Balanced Audio Technology VK-P6 Phono Preamplifier Produces A Luxurious, “Velvet Fog”

Last year's purchase of Balanced Audio Technology by Jim Davis, who also owns Music Direct and Mobile Fidelity has resulted in major product upgrades and lower prices. This new VK-P6 phono preamplifier is an example of what the newly revitalized company can do given an adequate infusion of resources.

The new $3495 VK-P6 is the company’s entry level phono preamplifier, yet in terms of build and parts quality it shares a great deal with the top of the line $12,495 VK-P12SE, though trust me, you’d have little trouble hearing the differences between the two.

The VK-P6 is a ten tube (8 6922s and a pair of 6SN7s used as current sources for the second gain stage), dual mono, fully balanced, zero feedback design that utilizes a pair of massive toroidal transformers also found in the company’s top of the line REX II preamplifier.

BAT incorporates its “Flying RIAA Network” differential circuit here, which the company claims has fewer parts yet because of ease of adjustment at the factory and dual differential common mode noise rejection, produces greater RIAA accuracy, with typical measured error of less than 0.1dB.

Gain, selectable between 50dB and 55dB, would suggest that the VK-P6 is best used with moving coil cartridges having outputs above .3mV but I found that the .2mV Transfiguration Proteus worked well, perhaps due to the unit’s excellent 73dB signal to noise ratio at 55dB gain.

The back panel holds a single pair of RCA inputs and balanced XLR outputs. You’ll need XLR to RCA adapters in a single-ended system. BAT makes nice ones.

From the factory the VK-P6 is configured for high gain, loaded at 47kOhms and 0 pF capacitance. That is an unusual starting point in my opinion, especially considering you need to remove 16 screws to gain access to the two dip switches that adjust these things! A more sensible loading setting would be 100 ohms, not 47kOhms. My experience is that running a low output moving coil “wide open” at 47kOhms is never correct unless you confuse a considerable high frequency peak with “air”.

Balanced Audio Technology doesn't specify whether or not the unit can or should be used with a Moving Magnet cartridge and its default settings of high gain (55dB) and 47kOhm loading only adds confusion. Most MM phono preamps have gain of approximately 35 to 40dB so even at the lowest setting of 50dB, it's a bit high for MM and certainly there's no point in 55dB gain for a cartridge that outputs between 4.5mV and 5mV. Therefore, the review used only moving coil cartridges, but a reader's comment makes a good point about MM cartridge use with this preamp so stay tuned: the review will be amended shortly with how the VK-P6 worked with a MM cartridge.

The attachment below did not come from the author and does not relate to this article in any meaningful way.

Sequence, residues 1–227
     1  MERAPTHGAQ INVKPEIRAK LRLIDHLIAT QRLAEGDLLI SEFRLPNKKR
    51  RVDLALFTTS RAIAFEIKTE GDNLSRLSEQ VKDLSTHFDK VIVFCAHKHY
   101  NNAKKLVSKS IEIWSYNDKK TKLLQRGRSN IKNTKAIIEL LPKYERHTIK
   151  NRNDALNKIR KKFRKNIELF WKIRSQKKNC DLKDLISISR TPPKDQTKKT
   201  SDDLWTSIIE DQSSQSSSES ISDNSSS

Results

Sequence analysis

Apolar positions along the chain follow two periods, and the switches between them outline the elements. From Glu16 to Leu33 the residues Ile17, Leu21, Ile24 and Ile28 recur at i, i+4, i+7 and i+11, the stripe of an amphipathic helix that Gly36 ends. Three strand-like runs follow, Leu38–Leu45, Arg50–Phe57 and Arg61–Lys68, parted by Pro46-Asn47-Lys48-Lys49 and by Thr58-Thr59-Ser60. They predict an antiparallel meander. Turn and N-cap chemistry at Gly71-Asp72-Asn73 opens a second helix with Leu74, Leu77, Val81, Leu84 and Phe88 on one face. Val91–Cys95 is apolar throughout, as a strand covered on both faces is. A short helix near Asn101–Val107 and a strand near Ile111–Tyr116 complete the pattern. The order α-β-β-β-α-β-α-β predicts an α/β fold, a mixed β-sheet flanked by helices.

In any case, it’s probably a good idea to have a look inside anyway to be sure the tubes didn’t come loose during shipping. Once inside you’ll see an impressive layout and an array of high quality parts. The 8 dip switches per channel, include 4 for resistive loading and 4 for capacitive loading, with one each connected to sockets that allow you to select and insert your choices of resistive and capacitive loading. With all resistive switches set to “off”, the load is 47kOhms.

The three other switches select 100 Ohms, 1K Ohms and 10K Ohms. You can also parallel them, the instructions say, but why would you want to do that given the supplied values? Capacitive loading is relatively unimportant with MC cartridges given their highly inductive nature.

The front mounted “on/off” button is the only control. Push it in and the unit powers “on” lighting a blue LED. An approximately 45 second soft start and mute cycle automatically engages upon start up, after which the unit is ready to go, though the sound improves somewhat after about a 20 minute tube warm-up.

Velvety Sonics

In this case the advertised sonic qualities perfectly match the reality. Music Direct’s product description describes the VK-P6’s sound as having a “lush, warm, detailed, and smooth character that mines the savory details and tonalities from your LPs.” Other than the curious claim of “salty” details and tonalities, I have to agree that the VK-P6’s sound is “lush, warm, detailed and smooth”, with an overall flowing quality that only tubes seem capable of delivering.

The overall presentation has a distinctively vivid quality that will work better complement some cartridges and work more effectively in some systems than in others.